The use of biometrics in your smartphone or portable device will soon enough be ubiquitous and cherished. Not only because different sensors will help you access your data easily and securely but also because mobile and service providers are already working together to offer convenient banking, health monitoring, shopping, employment services and e-government solutions at your fingerprints, literally. Some researchers have predicted that, by 2020, mobile devices will regularly include biometric sensors, creating an attractive $33.3 billion per-year market for biometrics.
In order to have a better service, the experts advise to look for “two-factor authentication method”. The tools will be more reliable if they are based on two completely independent components out of the following: “something you know (knowledge – PIN/ password); something you have (possession – smart card); and something you are (biometrics).”
The identifying options already available in the market –or being currently developed- vary from fingerprints or iris scanners, vein authentication, facial or voice recognition, behaviour-based identification (looking at the gestures and speed with which users key in their password), ear shape identification, to biometric implants (RFID chips or decomposable tattoos). However, Smartphones during 2015 will probably see more fingerprint authentication (like those in the iPhone 5S with Touch ID, Samsung Galaxy S5 and S6), eye scanners (ZTE Grand S3 with Eyeprint ID for log-in through vein patterns) and voice recognition.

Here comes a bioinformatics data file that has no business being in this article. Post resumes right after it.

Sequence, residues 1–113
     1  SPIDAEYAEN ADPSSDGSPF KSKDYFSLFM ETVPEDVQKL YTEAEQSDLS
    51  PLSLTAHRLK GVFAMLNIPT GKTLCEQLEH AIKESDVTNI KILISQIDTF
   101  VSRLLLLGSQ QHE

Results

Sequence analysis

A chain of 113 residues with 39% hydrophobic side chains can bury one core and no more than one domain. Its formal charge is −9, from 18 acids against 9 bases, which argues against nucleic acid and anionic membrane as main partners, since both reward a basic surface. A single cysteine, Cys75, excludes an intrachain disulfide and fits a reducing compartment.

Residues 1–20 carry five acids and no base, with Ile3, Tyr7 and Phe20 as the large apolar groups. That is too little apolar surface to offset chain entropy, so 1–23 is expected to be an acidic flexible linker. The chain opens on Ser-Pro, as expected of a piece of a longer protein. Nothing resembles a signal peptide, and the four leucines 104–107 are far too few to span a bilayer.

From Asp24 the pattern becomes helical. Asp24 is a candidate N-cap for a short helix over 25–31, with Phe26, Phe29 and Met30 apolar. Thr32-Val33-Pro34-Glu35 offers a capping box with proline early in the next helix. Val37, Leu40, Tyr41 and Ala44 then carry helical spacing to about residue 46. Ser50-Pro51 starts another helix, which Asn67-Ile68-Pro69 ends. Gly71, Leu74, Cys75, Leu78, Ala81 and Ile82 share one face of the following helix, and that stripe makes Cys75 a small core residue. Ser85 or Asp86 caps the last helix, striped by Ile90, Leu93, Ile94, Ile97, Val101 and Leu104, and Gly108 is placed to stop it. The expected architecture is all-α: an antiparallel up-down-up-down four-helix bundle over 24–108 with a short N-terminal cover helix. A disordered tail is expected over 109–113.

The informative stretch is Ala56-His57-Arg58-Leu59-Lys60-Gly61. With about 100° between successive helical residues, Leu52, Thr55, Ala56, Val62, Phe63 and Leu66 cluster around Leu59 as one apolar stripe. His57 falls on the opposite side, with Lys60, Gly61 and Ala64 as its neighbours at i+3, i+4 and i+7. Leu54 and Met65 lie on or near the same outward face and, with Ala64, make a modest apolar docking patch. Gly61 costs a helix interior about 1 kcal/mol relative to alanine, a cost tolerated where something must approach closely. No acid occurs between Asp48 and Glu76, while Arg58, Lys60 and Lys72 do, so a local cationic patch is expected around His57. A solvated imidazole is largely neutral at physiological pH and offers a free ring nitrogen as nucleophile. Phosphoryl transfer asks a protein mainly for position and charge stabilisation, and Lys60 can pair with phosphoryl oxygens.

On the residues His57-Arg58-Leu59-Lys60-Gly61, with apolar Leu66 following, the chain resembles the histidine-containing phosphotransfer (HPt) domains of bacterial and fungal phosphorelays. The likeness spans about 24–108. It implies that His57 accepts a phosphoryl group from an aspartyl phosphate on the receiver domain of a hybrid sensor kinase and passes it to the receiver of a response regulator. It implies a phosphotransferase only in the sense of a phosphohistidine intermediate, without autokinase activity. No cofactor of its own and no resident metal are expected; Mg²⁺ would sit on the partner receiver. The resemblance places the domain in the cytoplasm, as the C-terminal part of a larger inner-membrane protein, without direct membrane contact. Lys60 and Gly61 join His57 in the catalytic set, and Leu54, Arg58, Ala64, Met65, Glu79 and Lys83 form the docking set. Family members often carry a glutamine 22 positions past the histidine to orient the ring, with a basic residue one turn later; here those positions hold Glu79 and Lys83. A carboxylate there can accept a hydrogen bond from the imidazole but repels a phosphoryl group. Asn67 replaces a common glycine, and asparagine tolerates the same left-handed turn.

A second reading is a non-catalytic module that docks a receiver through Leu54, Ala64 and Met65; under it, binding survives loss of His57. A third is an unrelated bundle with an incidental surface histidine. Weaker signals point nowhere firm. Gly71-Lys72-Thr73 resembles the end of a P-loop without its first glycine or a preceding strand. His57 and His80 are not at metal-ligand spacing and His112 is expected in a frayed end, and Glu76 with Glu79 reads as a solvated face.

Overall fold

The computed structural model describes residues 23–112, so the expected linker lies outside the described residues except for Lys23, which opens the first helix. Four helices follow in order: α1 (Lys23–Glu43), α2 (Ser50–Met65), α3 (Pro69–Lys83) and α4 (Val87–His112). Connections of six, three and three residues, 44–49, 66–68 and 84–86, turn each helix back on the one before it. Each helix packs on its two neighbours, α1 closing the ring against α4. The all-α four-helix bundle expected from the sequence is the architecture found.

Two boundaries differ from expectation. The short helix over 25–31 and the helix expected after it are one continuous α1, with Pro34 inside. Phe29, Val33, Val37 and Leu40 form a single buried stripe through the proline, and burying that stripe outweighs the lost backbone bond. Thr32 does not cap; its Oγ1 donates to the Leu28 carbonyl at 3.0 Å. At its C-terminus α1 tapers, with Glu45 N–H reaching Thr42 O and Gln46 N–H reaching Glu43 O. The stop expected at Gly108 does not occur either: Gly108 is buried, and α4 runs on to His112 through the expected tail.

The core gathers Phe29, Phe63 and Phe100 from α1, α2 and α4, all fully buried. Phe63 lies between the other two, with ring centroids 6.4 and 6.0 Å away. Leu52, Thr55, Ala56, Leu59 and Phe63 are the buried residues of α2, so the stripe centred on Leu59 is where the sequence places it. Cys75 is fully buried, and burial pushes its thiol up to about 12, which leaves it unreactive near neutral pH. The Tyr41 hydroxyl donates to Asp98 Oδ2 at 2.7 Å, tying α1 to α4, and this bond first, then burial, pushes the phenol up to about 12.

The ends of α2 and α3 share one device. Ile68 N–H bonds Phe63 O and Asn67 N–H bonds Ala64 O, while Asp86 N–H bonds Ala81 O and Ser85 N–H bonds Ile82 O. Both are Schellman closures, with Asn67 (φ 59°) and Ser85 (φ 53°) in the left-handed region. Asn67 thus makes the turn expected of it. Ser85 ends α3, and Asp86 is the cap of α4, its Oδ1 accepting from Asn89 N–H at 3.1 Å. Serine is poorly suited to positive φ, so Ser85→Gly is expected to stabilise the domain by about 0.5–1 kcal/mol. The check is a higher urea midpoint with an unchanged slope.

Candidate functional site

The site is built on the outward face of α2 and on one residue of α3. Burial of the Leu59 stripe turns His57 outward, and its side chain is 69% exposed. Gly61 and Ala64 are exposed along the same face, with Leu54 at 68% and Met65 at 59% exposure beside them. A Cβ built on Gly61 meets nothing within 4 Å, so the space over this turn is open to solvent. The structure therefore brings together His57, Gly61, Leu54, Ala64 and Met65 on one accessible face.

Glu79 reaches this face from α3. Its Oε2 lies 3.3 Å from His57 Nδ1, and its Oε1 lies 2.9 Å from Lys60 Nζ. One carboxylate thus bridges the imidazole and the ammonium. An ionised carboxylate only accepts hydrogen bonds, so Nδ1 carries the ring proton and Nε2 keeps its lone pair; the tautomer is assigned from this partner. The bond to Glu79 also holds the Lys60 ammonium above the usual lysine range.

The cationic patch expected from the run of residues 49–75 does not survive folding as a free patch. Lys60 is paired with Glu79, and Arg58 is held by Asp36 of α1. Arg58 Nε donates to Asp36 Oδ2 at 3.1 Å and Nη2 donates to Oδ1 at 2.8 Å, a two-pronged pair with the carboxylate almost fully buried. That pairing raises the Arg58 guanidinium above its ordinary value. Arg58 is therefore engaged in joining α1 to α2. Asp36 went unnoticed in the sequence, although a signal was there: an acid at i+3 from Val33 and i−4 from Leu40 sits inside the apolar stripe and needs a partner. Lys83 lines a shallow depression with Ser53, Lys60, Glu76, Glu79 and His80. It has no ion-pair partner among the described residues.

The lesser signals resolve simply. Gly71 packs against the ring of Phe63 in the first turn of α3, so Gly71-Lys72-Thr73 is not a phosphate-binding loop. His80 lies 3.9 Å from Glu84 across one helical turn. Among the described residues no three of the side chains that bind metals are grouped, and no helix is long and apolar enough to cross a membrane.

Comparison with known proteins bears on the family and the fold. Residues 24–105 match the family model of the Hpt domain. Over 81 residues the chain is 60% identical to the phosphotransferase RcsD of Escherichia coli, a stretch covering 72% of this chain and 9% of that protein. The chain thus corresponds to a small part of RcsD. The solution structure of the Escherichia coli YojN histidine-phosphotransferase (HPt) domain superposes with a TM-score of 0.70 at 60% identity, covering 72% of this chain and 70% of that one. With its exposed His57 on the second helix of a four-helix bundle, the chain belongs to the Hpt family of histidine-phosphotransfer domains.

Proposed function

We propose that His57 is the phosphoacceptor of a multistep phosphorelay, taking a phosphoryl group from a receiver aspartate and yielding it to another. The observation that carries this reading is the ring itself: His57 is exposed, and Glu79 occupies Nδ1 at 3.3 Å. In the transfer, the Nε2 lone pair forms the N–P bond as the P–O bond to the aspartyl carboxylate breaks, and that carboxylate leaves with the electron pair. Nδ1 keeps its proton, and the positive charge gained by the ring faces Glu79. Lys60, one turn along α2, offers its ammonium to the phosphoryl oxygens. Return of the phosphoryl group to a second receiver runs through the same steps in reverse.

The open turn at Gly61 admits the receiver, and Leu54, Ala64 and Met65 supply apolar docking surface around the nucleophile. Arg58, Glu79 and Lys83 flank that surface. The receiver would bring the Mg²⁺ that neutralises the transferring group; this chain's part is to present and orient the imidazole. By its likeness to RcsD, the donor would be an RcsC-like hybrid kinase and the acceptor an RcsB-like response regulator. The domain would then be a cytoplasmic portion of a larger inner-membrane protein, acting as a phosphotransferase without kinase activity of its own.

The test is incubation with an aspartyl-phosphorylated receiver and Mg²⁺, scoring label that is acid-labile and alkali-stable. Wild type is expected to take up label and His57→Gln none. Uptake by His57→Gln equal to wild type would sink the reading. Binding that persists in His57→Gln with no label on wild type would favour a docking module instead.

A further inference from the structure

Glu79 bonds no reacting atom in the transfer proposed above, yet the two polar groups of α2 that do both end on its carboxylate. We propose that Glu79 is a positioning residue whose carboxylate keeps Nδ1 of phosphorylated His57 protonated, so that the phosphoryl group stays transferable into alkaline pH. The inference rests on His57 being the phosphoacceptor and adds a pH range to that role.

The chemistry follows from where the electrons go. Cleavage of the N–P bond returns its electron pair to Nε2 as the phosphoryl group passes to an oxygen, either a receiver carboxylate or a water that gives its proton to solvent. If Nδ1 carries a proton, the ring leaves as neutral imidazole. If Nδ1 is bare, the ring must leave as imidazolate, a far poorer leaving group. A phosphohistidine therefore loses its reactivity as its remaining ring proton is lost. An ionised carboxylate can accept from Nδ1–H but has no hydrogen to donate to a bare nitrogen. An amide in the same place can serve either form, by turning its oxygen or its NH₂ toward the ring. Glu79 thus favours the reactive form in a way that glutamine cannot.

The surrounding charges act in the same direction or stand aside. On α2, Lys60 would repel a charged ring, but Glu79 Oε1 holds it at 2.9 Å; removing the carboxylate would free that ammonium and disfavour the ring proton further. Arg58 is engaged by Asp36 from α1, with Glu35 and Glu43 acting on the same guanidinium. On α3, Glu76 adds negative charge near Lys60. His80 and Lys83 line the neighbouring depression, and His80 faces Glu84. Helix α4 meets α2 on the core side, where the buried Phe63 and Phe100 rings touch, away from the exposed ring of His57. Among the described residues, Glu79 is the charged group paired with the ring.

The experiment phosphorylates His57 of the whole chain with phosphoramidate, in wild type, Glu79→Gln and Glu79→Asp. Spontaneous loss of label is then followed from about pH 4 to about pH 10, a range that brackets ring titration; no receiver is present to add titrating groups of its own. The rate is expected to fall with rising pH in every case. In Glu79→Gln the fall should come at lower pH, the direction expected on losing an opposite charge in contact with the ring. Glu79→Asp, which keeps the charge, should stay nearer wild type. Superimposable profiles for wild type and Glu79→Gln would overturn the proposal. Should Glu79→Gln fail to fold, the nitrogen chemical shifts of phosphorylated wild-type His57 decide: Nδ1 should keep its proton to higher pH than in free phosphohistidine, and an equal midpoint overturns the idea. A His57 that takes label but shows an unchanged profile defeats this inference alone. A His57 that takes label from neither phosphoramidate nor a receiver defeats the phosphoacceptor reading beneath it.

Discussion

Expect to start using your biometric sensor –sooner or later- for:
- Security and easy access to your data.
- Mobile banking. (i.e. FIS will become the first provider to offer fingerprint access to its Cardless Cash ATM application this April; Barclays will bring out finger vein authentication for UK business customers this year; and Bancorp is offering biometric security in mobile for banking customers; among others.)
- Better customer experience (customised services and payment solutions, including shopping, transport, libraries, etc.)
- Time and attendance tracking for healthcare (see mobile medical lab), e-government or employment services and infrastructures.
- Management of sensitive data and control access in the workplace (employees would be able to log in to systems and access information through mobile biometric sensors.)
Sources: http://www.bbc.com/news/business-31968642; http://www.europapress.es/portaltic/gadgets/; http://www.information-age.com/technology/security/123459256/why-biometrics-will-go-hand-hand-wearables-revolution